What's the relationship between "facts" and "truth"? Is there any difference between them? If so, how would you describe it?
You've asked a profoundly perceptive question. Yes, there is an important difference between facts and truth. In some ways it's analogous to the difference between a pile of bricks and St. Paul's cathedral, or between a list of dates and Arnold Toynbee's A Study of History. Factum, in the original Latin, denotes nothing more than a "thing done." An isolated fact is like a stray piece of a puzzle. It's an object, an article, a fragment of information, a bit of trivia. Truth, on the other hand, is all about meaning.
To put it another way, discerning truth is a matter of interpreting the facts. In a courtroom setting, the same facts are available to both prosecution and defense. Each attorney puts his own spin or construction upon the evidence, but this does not imply that both sides are right. There is still one truth. It would be absurd to insist otherwise. Depending on the type of case before the bar, an individual's entire future may hang upon the jury's ability to recognize this single truth. The correct meaning emerges when the significance of the pattern and the real relationship between the facts becomes clear. This is why Scripture asserts that Jesus Christ is the Truth (John 14:6). He is the Truth because all things "hold together" in Him (Colossians 1:17).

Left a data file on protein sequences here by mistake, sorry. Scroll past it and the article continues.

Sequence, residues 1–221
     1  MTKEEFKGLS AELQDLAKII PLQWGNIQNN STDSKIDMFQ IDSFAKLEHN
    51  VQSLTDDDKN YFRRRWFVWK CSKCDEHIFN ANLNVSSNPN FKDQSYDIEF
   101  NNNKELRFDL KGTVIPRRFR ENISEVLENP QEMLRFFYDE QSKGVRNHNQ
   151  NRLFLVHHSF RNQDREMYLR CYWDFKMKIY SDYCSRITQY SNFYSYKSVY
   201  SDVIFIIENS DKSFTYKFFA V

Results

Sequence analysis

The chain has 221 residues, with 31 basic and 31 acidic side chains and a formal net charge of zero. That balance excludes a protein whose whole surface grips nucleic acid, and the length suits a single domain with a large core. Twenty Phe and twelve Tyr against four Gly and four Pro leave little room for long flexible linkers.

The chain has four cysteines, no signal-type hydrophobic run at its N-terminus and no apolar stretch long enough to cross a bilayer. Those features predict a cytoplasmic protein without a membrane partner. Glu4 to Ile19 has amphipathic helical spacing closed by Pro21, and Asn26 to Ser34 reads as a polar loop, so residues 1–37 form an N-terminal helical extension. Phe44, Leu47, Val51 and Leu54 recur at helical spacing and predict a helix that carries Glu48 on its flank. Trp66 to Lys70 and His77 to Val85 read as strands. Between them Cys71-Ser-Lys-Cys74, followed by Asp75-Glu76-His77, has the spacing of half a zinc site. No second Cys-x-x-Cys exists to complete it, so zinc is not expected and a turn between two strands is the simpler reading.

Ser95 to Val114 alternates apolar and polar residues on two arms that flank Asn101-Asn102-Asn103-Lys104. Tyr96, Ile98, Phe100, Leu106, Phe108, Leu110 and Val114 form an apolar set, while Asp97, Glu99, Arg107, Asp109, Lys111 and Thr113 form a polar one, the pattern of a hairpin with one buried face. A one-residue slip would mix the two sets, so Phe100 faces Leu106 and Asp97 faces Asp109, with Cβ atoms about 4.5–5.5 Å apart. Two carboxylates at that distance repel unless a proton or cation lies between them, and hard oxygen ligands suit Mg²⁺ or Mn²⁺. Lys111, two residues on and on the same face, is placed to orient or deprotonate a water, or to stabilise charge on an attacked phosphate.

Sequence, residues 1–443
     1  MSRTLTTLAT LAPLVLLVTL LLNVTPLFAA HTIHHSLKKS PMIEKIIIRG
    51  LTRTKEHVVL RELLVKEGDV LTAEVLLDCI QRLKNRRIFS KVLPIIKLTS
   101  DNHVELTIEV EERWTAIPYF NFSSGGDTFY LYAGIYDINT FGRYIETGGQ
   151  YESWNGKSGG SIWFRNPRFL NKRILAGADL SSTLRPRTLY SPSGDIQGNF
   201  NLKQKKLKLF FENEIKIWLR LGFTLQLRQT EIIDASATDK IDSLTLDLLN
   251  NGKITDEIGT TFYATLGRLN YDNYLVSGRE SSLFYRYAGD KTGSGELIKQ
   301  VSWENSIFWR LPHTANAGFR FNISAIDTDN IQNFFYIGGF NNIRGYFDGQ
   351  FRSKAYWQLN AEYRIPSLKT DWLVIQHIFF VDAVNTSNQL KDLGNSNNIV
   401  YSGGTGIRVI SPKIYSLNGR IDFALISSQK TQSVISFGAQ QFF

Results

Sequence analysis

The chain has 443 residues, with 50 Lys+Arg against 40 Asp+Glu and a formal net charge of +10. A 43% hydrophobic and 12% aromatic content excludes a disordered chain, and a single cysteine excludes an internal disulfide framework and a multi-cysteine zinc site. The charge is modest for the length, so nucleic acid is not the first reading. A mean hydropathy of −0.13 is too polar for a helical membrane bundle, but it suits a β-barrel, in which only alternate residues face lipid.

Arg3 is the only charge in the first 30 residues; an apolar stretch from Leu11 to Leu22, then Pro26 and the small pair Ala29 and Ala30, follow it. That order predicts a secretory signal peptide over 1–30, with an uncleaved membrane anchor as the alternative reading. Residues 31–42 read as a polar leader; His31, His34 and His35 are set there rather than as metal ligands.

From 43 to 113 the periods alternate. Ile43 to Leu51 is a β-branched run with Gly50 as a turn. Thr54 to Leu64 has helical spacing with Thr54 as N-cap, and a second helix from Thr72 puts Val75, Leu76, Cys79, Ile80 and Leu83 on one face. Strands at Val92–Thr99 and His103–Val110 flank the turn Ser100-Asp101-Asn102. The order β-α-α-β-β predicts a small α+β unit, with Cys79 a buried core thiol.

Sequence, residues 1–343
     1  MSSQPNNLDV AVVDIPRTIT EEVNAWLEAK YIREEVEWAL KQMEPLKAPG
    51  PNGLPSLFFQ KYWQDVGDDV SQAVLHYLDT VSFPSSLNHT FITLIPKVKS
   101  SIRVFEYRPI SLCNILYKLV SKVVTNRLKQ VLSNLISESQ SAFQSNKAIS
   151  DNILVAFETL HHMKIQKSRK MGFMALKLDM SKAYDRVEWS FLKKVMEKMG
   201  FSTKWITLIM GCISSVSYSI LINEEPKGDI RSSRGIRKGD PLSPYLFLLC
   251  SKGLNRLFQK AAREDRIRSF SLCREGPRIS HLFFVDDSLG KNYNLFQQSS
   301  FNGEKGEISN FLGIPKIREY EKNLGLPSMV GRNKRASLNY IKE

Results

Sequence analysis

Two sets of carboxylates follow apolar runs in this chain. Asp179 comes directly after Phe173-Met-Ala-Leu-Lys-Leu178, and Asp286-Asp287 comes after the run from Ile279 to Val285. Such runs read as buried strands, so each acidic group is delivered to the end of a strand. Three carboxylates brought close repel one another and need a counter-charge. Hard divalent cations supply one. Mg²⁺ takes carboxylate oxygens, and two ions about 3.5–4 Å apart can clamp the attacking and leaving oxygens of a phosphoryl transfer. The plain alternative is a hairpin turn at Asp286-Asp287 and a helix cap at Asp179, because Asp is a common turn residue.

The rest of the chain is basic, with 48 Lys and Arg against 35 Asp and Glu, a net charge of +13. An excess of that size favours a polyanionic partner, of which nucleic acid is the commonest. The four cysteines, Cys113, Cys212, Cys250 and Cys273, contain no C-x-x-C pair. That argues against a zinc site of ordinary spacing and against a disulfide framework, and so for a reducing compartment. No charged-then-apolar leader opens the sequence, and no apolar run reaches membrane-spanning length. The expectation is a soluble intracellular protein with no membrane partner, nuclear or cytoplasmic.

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Culture Shift: The Battle for the Moral Heart of America
Focus on the Family's The Truth Project